Forecasts and warnings are not useful unless they reach the “last mile”, i.e. the general population. In addition to radio and TV broadcasts, the Internet and social media are used extensively in Fiji for warning dissemination. Social media were widely used for warnings about TC Harold; the total reach of Facebook peaked to 172 864 according to Fiji Meteorological Service (FMS). Twitter had 6 404 impressions, and Instagram warnings were also issued.

Capacity development for FMS operations covered all the components of the forecast system and life cycle management of the new measurement systems for waves, ocean and river levels. Institutional end users, such as the disaster managers, were also trained to use the new forecast products. In addition, public awareness of coastal inundation was addressed by the development of a WMO video (available here) on the dangers and actions to be taken when fleeing or if caught in rising waters.

In April 2020, Severe Tropical Cyclone Harold carved a path through several Pacific Islands. As the storm approached, FMS issued its first ever wave and storm surge warnings during a cyclone, enabled by a new coastal inundation forecasting system of the CIFDP Fiji-subproject. Mr. Misaeli Funaki, Director of the FMS, reported that “the new coastal inundation forecasting system enabled the accurate recording of wave and storm surge magnitude, and sound numerical model guidance for storm surge and waves. This led to timely forecasts and formed the basis of successful evacuation warnings to vulnerable communities during Tropical Cyclone Harold (more than 2 000 people were evacuated), which minimized fatalities from such a devastating and life-threatening storm.” The Fijian National Disaster Management Office estimated that some 3 400 homes were impacted, and that damage was above FJ$ 10 million.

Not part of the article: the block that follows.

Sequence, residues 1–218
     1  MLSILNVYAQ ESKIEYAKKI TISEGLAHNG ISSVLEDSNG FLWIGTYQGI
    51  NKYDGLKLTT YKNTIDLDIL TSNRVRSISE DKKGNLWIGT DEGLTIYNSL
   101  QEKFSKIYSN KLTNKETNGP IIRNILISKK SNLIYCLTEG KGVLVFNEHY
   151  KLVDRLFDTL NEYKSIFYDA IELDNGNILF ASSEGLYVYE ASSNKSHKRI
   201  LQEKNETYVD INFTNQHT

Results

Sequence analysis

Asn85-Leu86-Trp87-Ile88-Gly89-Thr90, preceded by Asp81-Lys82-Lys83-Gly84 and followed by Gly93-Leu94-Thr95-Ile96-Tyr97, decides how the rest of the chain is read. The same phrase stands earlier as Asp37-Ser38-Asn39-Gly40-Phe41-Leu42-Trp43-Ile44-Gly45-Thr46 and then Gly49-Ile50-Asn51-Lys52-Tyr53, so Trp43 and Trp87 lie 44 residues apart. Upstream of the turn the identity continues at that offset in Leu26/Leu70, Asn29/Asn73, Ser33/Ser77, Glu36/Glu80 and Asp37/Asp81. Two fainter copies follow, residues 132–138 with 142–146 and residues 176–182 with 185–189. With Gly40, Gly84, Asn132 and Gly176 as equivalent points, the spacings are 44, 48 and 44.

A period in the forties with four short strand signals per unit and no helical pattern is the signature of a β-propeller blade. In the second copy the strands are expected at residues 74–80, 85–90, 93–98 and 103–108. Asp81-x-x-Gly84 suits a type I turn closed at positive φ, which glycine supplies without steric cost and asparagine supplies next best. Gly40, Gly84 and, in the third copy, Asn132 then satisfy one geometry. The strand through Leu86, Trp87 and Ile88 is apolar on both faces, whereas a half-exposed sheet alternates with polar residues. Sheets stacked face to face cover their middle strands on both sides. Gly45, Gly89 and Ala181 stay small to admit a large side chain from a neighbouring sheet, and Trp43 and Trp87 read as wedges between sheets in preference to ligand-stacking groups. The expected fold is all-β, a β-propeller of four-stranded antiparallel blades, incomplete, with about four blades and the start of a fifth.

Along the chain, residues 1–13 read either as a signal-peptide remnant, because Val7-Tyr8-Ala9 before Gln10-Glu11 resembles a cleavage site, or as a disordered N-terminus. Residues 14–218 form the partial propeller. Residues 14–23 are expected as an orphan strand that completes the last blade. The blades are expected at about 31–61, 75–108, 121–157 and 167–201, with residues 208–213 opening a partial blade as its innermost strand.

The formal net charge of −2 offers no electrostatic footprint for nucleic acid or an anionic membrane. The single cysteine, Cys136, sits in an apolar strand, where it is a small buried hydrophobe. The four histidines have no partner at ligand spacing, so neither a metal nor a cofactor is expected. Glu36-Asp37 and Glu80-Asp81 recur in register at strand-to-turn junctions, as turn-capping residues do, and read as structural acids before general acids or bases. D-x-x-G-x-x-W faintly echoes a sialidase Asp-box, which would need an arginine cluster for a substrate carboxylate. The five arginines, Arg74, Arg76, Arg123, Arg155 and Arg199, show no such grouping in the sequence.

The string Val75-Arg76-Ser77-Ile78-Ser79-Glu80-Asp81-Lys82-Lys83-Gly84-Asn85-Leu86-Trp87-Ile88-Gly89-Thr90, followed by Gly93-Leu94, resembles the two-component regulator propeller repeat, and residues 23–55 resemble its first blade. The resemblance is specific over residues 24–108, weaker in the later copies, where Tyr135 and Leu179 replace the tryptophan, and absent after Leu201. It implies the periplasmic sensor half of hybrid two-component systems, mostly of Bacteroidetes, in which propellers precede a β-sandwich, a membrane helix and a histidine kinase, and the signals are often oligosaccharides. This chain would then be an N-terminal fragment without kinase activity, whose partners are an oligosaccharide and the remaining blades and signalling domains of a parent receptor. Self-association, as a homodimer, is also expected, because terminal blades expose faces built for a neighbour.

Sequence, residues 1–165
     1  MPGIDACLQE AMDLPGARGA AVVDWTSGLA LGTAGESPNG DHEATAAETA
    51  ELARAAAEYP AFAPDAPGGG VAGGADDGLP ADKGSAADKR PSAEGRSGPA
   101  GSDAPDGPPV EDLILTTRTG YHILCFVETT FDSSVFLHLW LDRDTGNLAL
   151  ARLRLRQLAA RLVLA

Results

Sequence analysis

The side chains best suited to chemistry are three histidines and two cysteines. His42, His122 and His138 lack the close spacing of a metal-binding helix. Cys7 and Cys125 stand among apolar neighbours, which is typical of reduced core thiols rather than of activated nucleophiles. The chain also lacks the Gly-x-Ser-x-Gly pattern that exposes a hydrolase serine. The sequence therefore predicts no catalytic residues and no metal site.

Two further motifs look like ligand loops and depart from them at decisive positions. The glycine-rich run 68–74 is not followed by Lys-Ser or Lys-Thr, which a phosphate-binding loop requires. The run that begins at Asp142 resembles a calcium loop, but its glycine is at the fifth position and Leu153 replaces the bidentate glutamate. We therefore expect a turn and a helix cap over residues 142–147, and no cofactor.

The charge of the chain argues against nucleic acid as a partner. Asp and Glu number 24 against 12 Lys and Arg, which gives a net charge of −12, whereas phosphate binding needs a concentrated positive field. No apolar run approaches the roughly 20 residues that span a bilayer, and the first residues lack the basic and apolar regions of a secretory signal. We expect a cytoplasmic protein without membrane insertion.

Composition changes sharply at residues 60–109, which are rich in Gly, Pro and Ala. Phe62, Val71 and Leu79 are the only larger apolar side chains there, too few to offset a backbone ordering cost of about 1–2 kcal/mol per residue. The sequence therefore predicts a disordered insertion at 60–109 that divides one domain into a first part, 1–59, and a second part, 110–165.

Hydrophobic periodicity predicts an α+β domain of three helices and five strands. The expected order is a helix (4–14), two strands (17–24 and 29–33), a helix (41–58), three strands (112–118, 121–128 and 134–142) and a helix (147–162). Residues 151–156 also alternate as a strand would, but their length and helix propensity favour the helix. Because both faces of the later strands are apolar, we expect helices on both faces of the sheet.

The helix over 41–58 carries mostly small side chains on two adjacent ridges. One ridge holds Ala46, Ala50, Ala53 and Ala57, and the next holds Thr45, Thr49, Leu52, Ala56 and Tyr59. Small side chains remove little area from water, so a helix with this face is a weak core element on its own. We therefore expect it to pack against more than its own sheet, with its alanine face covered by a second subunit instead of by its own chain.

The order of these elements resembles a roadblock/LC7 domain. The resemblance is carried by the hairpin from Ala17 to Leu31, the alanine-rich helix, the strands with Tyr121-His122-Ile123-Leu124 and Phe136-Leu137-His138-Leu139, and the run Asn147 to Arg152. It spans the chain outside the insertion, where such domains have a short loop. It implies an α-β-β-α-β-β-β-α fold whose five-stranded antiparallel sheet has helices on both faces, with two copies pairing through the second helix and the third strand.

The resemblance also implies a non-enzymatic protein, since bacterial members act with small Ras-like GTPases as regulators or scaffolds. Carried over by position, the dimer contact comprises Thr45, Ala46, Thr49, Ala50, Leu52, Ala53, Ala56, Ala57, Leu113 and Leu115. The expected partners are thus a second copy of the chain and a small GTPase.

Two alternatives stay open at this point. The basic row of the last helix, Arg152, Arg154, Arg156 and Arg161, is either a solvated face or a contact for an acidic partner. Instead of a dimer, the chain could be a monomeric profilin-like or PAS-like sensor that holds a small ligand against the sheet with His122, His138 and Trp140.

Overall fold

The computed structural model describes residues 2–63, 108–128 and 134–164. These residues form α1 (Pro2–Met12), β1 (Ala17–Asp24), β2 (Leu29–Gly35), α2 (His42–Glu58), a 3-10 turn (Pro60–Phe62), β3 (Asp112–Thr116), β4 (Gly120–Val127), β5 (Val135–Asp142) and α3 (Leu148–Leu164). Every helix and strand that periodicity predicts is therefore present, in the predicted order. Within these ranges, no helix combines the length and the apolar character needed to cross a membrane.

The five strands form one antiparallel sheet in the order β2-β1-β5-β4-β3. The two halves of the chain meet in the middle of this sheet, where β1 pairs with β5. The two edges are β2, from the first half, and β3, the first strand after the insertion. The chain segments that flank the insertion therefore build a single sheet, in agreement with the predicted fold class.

Tsunamis

Tsunamis are dangerous coastal threats. While infrequent, they have the potential to produce catastrophic impacts on coastal communities in a matter of minutes to hours. Tsunamis are not under the WMO mandate, however, many WMO Members have made their NMHSs responsible for issuing tsunami warnings. Thus, in this area, WMO collaborates closely with IOC, which leads a focused global tsunami warning and mitigation system. The WMO provides dissemination of tsunami warnings via the Global Telecommunications System (GTS) as well as transmission of data from some tide gauges via meteorological satellites.

While tsunamis have a different forcing mechanism and different predictive models, there are common requirements that are the same as for coastal inundation forecasting, including the need for better bathymetry and topography and for timely forecast dissemination 24/7 in a matter of minutes to hours. Many countries with vulnerable coastal communities also have operational tsunami warning systems. However, there are opportunities to leverage the successful international tsunami efforts in collaboration with the CIF-EWS; especially for community warning and the “last mile”.

Footnotes

1 This project was made possible through donor funds from the Korea Meteorological Administration (KMA) .